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So that was the end of that one… ringing Specsavers and all other local Optometrists for ‘Emergency Glasses’ whenever we had signal in a rush to beat the daylight home. Although, I was happy to drive, this didn’t seem like a valid option at the time!

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What did we miss? The next stop should have been the Bay of Islands for Sunset, Peterborough town for dinner before then completing the inland route back to Melbourne. The last Searoad ferry from Queenscliff to Sorrento is at 6pm (7pm at peak times), so this may be an option to shorten your drive.

Day 2 Driving for 383km and 5h37

  • Apollo Bay to Otway Treetop (47km and 1h)
  • Otway Treetop to Gibson Steps (56km and 50min)
  • Gibson Steps to Twelve Apostles (1km and 2min)
  • Twelve Apostles to Loch Ard Gorge (5km and 5min)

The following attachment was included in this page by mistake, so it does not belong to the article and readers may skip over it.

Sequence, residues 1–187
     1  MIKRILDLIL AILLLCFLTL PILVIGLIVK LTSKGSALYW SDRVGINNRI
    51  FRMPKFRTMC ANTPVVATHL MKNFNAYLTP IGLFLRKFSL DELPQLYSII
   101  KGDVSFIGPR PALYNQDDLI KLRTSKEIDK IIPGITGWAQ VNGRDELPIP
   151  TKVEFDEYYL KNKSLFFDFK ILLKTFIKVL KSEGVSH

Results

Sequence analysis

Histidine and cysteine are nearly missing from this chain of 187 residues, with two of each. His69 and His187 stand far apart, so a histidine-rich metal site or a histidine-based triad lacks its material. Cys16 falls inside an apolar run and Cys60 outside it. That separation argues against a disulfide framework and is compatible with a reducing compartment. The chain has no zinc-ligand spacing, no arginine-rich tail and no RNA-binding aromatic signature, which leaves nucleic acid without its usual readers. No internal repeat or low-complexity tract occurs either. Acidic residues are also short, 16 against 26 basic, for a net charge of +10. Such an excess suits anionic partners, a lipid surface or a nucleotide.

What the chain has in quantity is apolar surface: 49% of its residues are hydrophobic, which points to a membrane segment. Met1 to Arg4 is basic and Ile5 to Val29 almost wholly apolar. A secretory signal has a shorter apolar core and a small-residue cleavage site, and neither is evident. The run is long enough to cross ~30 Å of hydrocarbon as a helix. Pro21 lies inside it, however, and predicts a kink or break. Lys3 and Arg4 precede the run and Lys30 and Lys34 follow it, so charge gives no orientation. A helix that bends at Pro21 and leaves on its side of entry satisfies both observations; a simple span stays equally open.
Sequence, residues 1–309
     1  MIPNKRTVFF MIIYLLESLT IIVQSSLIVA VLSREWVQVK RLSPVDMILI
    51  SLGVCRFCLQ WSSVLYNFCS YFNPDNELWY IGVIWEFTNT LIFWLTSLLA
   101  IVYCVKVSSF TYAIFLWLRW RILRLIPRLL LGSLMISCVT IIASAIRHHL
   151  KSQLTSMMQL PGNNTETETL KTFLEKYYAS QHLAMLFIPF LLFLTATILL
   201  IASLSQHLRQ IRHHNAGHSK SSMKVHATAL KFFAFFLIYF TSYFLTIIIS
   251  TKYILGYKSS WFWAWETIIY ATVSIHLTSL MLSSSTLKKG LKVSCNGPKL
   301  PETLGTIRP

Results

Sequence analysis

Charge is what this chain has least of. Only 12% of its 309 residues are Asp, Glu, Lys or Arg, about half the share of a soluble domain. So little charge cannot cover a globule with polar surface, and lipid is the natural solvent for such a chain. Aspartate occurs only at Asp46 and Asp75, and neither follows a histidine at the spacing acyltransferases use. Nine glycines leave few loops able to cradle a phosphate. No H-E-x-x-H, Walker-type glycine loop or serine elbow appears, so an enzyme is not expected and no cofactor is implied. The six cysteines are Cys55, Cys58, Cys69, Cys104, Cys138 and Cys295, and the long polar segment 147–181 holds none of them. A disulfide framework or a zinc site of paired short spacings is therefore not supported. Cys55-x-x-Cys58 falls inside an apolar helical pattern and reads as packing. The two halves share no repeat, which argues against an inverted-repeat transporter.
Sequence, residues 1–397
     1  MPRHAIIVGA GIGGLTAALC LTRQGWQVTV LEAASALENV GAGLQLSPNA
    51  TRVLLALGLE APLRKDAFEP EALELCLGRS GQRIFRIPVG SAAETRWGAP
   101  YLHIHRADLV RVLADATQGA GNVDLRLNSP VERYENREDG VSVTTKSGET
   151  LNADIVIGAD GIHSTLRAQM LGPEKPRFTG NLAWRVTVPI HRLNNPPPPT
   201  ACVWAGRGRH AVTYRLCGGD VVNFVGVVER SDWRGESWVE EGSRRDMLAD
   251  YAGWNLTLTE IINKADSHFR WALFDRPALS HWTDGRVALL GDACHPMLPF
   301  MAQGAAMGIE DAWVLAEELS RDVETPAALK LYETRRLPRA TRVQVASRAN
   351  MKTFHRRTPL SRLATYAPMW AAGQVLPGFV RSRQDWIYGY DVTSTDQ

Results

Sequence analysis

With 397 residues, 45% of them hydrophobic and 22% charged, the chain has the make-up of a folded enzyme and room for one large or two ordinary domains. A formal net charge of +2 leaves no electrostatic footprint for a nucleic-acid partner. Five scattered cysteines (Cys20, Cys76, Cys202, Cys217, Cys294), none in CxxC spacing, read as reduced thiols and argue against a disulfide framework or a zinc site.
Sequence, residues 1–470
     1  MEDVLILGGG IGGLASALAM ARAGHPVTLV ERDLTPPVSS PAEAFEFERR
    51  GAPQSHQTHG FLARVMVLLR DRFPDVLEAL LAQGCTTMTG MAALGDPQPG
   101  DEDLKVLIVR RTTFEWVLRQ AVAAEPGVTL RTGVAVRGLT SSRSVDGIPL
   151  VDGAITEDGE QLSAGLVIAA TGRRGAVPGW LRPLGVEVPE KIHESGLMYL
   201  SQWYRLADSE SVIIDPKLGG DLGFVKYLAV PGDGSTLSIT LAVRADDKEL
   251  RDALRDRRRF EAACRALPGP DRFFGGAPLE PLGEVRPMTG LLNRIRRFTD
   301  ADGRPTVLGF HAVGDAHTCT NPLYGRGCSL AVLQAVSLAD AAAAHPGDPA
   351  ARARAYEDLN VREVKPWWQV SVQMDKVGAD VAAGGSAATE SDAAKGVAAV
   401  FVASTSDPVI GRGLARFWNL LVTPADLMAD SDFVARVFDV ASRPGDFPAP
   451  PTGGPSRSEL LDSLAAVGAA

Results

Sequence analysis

• Loch Ard Gorge to Bay of Islands (26km and 30min)
  • Bay of Islands to Peterborough (7km and 10min)
  • Peterborough inland route to Melbourne (241km and 3h)

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Our adventures are never without a story to tell at the end of them. We visited Specsavers the next day and found the exact same frames but there is a two week wait on glasses as all of New Zealand’s and Australia’s glasses are made in Melbourne. So, Duncan spent the next two weeks at work looking like a blind man to the all the customers in the restaurant, wearing his aviator blacked out sunglasses haha! His bank balance was a few hundred dollars lighter and it of course wasn’t covered on our travel insurance!

But was Great Ocean Road worth it? … Hell yeah!

Drive the Distance on the Great Ocean Road,
Chloe

 

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Adventures to Valle de la Luna